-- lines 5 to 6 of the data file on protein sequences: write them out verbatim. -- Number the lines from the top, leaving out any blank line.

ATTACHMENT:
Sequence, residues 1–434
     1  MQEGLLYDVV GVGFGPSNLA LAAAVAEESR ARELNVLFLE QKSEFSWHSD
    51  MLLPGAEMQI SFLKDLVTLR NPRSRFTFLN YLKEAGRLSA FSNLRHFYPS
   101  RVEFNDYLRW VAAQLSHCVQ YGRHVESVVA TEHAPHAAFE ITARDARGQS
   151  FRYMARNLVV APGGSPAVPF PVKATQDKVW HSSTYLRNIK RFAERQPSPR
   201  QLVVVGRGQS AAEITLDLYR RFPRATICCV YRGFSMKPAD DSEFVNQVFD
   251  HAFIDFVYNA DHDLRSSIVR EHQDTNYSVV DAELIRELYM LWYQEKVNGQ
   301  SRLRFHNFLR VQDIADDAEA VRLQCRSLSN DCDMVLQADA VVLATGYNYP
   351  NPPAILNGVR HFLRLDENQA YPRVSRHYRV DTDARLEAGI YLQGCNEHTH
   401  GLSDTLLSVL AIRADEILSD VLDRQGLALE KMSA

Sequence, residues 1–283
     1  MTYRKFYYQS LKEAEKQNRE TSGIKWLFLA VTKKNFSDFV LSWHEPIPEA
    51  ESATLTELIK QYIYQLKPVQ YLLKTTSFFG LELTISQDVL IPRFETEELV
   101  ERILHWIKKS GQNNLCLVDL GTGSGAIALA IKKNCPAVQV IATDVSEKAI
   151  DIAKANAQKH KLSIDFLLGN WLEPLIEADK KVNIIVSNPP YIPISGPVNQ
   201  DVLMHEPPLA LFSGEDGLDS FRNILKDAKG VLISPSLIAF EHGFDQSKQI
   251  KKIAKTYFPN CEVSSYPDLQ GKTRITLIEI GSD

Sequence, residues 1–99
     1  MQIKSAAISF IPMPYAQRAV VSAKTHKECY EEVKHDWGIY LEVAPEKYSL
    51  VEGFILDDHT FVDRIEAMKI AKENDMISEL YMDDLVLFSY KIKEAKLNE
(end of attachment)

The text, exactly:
   151  FRYMARNLVV APGGSPAVPF PVKATQDKVW HSSTYLRNIK RFAERQPSPR
   201  QLVVVGRGQS AAEITLDLYR RFPRATICCV YRGFSMKPAD DSEFVNQVFD